opportunity of witnessing -- clearly and unequivocally -- the deep bias that
Abrams brings to his new position. Perhaps the most telling experience was a
disastrous trip to the Middle East, where Abrams provoked a diplomatic flap
and alienated the kind of people whose support we now need if we are to be
effective in fighting terrorism. (...)  As Chairman of the Commission at the
time, Abrams led the delegation to Egypt and Saudi Arabia, but did not go to
Jerusalem with three of us as he was of the opinion that there are no
problems with religious freedom in Israel that would warrant the attention
of the Commission. (..) By failing to adjust his schedule, Abrams managed to
snub the leading Islamic cleric in Egypt, Sheikh Tantawi of al-Azhar, which
nearly created a diplomatic nightmare that was only narrowly averted by the
intervention of the US Ambassador. Ultimately, under the leadership of
Abrams, the Commission published reports on over a dozen countries,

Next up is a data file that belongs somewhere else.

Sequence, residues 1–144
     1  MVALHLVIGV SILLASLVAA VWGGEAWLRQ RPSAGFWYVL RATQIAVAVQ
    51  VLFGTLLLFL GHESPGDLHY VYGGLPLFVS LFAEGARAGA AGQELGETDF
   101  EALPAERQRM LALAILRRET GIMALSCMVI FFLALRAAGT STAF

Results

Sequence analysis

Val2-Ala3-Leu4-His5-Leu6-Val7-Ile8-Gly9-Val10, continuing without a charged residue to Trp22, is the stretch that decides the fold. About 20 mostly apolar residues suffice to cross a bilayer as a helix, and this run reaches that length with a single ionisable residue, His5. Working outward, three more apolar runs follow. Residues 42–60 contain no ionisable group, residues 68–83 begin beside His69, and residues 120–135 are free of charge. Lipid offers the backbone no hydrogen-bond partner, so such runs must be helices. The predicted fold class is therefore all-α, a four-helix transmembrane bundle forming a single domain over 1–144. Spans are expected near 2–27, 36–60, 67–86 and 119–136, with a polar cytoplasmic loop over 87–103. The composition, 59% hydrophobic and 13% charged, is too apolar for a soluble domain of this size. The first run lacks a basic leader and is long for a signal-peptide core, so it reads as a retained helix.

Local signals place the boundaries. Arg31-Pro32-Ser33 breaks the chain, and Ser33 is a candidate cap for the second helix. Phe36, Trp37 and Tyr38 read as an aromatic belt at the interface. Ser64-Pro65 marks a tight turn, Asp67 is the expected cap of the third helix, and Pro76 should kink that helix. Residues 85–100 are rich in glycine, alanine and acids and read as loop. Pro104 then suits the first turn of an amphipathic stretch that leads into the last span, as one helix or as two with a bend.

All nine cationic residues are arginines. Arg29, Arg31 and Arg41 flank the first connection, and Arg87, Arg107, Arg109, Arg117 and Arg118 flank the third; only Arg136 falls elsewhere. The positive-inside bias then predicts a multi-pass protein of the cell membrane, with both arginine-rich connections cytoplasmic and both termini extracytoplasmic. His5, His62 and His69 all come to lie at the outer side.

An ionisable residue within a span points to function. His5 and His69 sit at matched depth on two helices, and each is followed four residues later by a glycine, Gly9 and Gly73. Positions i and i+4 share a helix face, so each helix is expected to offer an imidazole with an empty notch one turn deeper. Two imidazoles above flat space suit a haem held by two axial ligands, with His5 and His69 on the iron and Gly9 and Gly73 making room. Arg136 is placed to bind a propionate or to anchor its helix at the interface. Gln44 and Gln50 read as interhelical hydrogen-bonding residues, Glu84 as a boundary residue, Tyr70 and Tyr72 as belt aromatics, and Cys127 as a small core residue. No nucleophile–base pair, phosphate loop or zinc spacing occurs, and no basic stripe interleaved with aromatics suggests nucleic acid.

including those visited throughout the year, except for Israel. (...) As
such, it doesn't take a brain surgeon to understand why hostility towards
the US is increasing in the Middle East as Palestinians suffer more each
day. Since this Administration is willing to sacrifice human rights for
other strategic interests, it must be prepared to pay the price in decreased
popularity around the world. The only problem is that average Americans who
are affected by our foreign policy (...) By appointing Abrams to this post,
the President has failed to show to the world's one billion Muslims that he
is sincerely interested in peace, ending terrorism, and promoting peaceful
cooperation with our country. Instead, while the United States says that its
actions are directed against terrorists and not Islam, Abrams' appointment
makes those words appear as hollow as a Trent Lott apology".



Reference: Karl Marx, "Herr Vogt". London, 1860.